I had to leave the house two and half hours ahead of time because transition closed at 6:15. I wasn’t supposed to start until 7:30. This left me lots of time to arrange my stuff, visit the toilet twice, get body marked and sit around and be bored. I could have walked around to find people to talk to, but that required too much energy. Some people get nervous, flit around and talk non-stop. I avoid them.
I hoped my toe would not hurt since I had dropped a glass casserole lid on it the night before. I am at the age where I wonder if I had broken something every time I injure myself. My toe did not appreciate this abuse.
Finally, I jumped into the murky water. I had my wetsuit on, so I was calm. If I had to swim without it, I would have been very nervous with no neoprene to keep me from drowning. Besides, it was only a sprint with a mere 750 meters in length. I would be done in twenty-four minutes or less.
The clouds were kind enough to block the sun. To swim east into the glare on a clear day was difficult. I could actually see where I was going. I swam to the turn buoy in a short amount of time and was glad that I doing a sprint. The olympic race was twice as long.
|Mill Avenue Bridge|
I got my helmet and bike shoes on and ran out of transition into the melee of the bike course. Put a bunch of bike riders riding at varied speeds in one street lane and it gets chaotic. The rules dictated that cyclists were supposed to be certain lengths apart, not pass on the right and not block one another from passing on the left. These rules weren’t always followed. Someone passed me on the right for no apparent reason. I kept getting stuck behind slower riders because waves of people behind me wanted to pass.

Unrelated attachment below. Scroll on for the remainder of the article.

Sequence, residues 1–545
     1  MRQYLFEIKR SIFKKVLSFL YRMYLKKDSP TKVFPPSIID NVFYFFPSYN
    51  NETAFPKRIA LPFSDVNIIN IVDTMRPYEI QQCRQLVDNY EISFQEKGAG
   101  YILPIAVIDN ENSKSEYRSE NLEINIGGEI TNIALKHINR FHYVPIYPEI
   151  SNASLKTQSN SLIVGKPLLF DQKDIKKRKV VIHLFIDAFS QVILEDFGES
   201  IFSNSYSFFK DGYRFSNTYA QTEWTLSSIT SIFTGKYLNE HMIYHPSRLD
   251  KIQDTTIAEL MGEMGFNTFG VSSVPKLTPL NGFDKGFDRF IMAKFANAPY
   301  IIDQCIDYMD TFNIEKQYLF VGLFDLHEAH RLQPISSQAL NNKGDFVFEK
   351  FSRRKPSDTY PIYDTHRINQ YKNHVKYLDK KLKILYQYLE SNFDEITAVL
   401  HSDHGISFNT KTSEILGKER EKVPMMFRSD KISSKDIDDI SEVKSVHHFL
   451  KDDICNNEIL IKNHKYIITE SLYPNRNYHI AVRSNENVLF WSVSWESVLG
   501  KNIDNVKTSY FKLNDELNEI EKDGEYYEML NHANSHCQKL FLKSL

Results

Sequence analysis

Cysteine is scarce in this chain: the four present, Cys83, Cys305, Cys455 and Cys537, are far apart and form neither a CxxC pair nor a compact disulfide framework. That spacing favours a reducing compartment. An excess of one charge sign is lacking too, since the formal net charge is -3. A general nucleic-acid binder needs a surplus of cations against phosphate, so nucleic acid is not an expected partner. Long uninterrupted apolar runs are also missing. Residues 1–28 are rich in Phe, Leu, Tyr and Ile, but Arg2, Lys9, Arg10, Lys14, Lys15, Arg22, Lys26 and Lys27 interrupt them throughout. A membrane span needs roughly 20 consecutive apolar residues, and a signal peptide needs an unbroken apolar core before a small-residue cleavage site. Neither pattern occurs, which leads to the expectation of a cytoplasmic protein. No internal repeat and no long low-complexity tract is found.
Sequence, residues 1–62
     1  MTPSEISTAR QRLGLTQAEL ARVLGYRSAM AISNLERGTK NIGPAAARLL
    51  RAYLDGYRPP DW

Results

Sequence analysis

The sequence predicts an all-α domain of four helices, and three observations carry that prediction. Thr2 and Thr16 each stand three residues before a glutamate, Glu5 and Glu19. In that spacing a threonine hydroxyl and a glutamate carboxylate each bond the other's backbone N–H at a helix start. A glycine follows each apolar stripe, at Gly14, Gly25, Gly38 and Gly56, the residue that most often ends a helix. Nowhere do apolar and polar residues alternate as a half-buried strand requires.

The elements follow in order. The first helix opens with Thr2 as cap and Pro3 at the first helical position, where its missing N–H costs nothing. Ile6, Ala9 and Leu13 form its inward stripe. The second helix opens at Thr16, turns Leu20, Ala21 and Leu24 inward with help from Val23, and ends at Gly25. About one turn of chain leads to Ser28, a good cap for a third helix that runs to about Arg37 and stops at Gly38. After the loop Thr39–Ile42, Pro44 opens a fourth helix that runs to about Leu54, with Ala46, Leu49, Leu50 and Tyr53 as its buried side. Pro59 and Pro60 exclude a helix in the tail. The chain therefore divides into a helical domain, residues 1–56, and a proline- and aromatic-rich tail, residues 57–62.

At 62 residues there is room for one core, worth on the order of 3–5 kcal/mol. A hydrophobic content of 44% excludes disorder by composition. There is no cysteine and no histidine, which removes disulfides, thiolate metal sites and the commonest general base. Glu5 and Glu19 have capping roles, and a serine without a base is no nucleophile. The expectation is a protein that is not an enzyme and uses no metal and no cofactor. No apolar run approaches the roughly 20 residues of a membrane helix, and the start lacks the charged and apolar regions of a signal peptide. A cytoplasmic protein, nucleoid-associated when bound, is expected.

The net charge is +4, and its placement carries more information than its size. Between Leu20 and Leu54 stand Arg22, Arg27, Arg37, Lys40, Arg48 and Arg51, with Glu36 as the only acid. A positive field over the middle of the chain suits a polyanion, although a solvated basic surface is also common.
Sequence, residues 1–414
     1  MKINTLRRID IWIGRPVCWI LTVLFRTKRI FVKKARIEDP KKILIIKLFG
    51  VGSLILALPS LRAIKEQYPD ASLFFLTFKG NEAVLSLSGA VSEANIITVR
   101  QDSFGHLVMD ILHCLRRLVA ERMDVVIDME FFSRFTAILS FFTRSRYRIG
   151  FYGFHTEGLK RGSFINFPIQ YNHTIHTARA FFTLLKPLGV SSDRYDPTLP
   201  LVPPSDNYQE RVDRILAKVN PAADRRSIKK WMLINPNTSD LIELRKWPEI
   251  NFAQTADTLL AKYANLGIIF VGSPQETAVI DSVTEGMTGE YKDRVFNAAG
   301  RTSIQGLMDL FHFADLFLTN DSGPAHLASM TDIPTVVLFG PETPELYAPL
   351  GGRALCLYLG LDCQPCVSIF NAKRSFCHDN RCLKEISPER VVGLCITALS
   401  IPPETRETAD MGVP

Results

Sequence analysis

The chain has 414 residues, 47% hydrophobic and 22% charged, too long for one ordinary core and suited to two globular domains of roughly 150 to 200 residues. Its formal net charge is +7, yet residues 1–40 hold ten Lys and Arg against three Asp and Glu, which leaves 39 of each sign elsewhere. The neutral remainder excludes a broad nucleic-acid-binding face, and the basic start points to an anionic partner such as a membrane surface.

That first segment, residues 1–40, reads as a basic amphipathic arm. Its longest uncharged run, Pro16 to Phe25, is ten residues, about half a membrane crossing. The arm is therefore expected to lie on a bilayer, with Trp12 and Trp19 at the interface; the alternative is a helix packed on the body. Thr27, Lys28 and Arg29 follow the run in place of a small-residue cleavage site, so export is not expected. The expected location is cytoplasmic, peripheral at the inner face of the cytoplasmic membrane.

I passed when I could. Somehow, my average speed was higher than usual. Maybe the wind was favorable and the heavens had aligned. The weather was cool and I could work harder. The course was only twelve miles and saving energy wasn’t critical. The ride could be as hard as I wanted it to be and zipping around the streets was fun when no one was in my way.
I finished the ride and started the run. I needed to urinate badly, but I didn’t want to stop.
Then, the urge was gone. Did I pee myself? I wasn’t sure. I had doused myself with water and was wet anyway. Triathletes will sometimes pee anywhere but in a toilet to save time, but that wasn’t my practice.
|I hate race photos if myself.|
The first mile was about ten minutes, which was close to what I expected. The second mile was 9:33. Where the hell did that come from? It wasn’t fast, but way better than I expected. Could I hold this pace? Would my energy flag? The pace was really uncomfortable, but I didn’t slow down. I tried to concentrate on form and not breathing like I was having a heart attack. The leg power was magically there, when it had been gone for so long.
I crossed the finish line and felt like I had been punched in the gut, the normal response to running like a maniac. For once, I was happy after a race. Most of my races are average, some are awful and a rare few like this one are awesome. After a greater than average share of truly horrible races last year, it was nice to have a good one, even though I could have smelled better.